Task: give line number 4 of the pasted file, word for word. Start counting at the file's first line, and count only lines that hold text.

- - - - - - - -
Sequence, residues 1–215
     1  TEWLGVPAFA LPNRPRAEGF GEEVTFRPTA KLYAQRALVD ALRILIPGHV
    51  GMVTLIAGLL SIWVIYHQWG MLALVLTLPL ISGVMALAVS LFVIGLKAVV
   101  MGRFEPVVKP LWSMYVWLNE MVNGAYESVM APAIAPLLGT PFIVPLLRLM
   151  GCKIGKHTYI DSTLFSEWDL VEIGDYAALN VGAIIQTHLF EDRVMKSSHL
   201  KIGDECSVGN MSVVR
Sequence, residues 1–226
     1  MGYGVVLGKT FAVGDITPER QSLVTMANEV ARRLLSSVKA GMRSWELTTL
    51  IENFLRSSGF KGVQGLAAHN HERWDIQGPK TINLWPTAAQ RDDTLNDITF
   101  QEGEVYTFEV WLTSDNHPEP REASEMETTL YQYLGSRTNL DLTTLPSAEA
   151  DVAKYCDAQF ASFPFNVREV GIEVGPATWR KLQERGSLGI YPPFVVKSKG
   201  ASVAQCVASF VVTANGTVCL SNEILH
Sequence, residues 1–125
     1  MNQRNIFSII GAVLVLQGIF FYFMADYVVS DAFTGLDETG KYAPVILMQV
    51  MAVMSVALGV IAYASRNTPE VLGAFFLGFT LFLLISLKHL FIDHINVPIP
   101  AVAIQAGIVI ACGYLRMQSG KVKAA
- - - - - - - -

   101  MGRFEPVVKP LWSMYVWLNE MVNGAYESVM APAIAPLLGT PFIVPLLRLM